Predictable books are books that are written in a way that makes it easy to guess what will happen on the next page. Many predictable books repeat words, phrases, or sentences throughout the text. For example, in the book Brown Bear, Brown Bear, What Do You See? by Bill Martin Jr., the question “What do you see?” and the answer “I see a ___ looking at me.” repeat throughout the entire story. Deborah Guarino’s book Is Your Mama a Llama? is another kind of predictable book that uses rhyme and rhythm to help children solve riddles about animal mothers. Other predictable books build on storylines or sequences that are familiar to children. For example, Cookie’s Week, a story by Cindy Ward, follows the misadventures of a cat through the familiar sequence of the days of the week.
Why Are Predictable Books Important?
There are many benefits that come from reading predictable books with your children. Here are just a few:
• Children learn pre-reading skills. As you begin to read books with your children, they learn pre-reading skills, such as reading from top to bottom, reading from left to right, and turning pages. They also learn that a story has a beginning, middle, and end.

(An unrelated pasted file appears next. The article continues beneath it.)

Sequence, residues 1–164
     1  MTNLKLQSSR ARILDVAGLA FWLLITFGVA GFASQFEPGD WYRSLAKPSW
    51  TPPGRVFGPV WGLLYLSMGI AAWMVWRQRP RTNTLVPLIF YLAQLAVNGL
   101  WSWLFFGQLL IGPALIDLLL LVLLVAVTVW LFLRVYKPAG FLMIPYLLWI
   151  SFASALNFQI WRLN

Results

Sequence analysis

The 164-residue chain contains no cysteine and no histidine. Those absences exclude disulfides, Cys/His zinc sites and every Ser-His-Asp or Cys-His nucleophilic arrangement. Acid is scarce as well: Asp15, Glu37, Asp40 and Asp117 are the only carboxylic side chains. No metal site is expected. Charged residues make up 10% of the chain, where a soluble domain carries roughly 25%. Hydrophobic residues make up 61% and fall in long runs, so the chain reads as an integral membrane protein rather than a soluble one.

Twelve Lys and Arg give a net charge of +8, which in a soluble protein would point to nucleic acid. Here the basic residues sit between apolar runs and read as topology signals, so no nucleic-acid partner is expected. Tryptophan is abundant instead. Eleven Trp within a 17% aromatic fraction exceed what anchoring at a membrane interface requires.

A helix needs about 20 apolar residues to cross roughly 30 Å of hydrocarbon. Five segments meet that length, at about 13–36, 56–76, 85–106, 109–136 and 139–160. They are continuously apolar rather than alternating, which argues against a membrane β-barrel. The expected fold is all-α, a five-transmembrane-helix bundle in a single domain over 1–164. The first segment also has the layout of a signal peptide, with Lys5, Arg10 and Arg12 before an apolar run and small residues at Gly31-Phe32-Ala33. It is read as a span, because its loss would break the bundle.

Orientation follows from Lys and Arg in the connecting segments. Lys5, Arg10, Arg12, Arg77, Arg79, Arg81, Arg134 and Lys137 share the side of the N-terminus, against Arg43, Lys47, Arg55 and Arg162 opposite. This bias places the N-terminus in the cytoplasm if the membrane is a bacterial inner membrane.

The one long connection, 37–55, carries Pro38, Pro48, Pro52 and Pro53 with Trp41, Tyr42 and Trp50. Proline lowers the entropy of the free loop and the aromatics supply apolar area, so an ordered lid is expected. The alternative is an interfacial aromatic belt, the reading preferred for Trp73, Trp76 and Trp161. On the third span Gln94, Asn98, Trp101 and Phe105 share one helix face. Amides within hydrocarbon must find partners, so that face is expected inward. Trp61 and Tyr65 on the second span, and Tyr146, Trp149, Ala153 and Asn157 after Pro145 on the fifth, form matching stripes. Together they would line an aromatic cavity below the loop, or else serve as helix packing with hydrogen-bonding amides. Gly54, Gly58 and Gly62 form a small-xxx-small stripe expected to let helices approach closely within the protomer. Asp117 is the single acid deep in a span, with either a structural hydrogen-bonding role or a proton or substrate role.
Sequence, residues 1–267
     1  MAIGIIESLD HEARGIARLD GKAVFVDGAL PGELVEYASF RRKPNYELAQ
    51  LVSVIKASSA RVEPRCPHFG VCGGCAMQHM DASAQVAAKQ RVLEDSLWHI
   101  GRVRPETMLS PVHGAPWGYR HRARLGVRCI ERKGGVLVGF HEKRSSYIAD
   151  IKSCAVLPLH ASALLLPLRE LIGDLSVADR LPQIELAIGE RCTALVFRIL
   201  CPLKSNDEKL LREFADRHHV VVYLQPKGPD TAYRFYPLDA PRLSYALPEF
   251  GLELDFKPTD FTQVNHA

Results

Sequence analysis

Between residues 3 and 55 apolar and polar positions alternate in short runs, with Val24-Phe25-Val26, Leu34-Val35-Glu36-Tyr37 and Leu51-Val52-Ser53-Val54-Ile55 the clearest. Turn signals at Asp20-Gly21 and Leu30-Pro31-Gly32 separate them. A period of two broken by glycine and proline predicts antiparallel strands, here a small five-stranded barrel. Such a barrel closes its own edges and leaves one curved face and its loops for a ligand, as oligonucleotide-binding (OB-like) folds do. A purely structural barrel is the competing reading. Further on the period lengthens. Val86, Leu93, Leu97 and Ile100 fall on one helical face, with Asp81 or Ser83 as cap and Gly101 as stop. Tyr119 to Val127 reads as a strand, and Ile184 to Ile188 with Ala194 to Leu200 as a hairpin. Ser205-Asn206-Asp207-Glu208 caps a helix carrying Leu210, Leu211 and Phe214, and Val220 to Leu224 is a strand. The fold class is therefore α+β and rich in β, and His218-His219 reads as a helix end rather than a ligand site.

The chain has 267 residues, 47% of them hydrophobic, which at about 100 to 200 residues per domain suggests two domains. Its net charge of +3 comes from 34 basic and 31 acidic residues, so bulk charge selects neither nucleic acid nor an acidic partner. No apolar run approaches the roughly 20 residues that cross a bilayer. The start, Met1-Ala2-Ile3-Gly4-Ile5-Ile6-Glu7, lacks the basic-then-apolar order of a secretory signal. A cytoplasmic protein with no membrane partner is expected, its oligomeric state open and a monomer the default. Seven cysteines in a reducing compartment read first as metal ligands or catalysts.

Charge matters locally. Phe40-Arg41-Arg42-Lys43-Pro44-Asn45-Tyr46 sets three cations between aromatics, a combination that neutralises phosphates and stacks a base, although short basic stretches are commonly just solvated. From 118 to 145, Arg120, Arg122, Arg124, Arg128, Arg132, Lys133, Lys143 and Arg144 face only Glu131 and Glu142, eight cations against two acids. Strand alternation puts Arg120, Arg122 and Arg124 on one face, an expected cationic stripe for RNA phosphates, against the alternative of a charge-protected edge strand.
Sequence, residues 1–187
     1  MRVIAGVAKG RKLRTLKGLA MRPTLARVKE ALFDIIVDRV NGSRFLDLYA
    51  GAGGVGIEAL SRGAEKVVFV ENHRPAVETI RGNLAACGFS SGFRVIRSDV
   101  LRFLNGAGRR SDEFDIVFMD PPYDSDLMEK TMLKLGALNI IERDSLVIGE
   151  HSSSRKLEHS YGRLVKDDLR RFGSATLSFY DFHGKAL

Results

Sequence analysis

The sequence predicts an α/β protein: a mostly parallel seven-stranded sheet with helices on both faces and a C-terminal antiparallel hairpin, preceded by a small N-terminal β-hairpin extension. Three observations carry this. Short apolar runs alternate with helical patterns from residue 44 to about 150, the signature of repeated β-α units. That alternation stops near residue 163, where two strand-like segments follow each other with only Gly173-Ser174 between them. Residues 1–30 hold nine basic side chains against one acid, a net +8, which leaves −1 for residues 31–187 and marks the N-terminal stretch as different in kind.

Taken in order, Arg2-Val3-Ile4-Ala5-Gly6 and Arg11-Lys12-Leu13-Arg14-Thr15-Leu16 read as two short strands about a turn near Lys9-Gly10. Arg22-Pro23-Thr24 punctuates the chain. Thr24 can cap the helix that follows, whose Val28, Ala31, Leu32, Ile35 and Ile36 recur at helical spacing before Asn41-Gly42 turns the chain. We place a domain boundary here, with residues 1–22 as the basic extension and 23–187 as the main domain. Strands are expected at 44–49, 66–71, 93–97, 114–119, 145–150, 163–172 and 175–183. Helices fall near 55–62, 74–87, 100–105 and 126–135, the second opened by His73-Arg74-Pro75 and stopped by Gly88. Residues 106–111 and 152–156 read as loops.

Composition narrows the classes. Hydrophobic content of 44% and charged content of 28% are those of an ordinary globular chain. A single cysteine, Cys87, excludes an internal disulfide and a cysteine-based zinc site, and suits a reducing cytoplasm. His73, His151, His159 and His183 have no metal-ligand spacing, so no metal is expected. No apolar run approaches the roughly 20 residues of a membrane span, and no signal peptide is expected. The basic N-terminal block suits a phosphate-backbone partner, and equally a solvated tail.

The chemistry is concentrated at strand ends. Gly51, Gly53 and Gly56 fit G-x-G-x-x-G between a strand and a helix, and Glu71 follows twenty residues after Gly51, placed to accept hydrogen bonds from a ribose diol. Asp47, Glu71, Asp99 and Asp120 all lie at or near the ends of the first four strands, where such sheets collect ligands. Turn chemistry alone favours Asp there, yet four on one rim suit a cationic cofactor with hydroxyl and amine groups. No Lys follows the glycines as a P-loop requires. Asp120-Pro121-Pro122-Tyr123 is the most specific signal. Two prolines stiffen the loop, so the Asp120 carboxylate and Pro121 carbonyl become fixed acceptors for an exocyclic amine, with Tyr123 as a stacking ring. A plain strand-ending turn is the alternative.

• Children participate in reading. Predictable books are easy to understand and remember. Because of this, children become familiar with predictable books quickly, which allows them to fill in words and phrases when they read the books again.
• Children learn about rhyme and rhythm. Many predictable books use rhyme and rhythm to make them predictable. As a result, children learn these skills as they read and re-read predictable books.
• Children learn inflection in a natural way. We don’t usually speak in just one tone of voice. Inflection is the change between the high tones and low tones in our voices when we speak. Predictable books often have a rhythm that is read with a singsong inflection which is easier for children to imitate.
• Children get additional speech practice. Because words and phrases are repeated in many predictable books, finding a book that repeats your children’s targeted speech sounds can give them additional speech practice as they read.
• Children experience success with reading. Reading predictable books can make children feel successful with the skill of reading. Children who feel successful with reading will want to continue reading.
List of Predictable Books
There are many wonderful predictable books that you can read with your children. Here is just a small sample list. Your local library can assist you in finding more.
An Egg Is an Egg by Nicki Weiss Are You My Mother? by P.D. Eastman
Don’t Climb Out of the Window Tonight by Richard McGilvray
I Went Walking by Sue Williams
If You Give a Mouse a Cookie by Laura Numeroff
It Looked Like Spilt Milk by Charles G. Shaw
My Very Own Octopus by Bernard Most
This Is The Bear by Sarah Hayes
Where Does the Brown Bear Go? by Nicki Weiss
Who Sank the Boat? by Pamela Allen
Who Says That? by Arnold L. Shapiro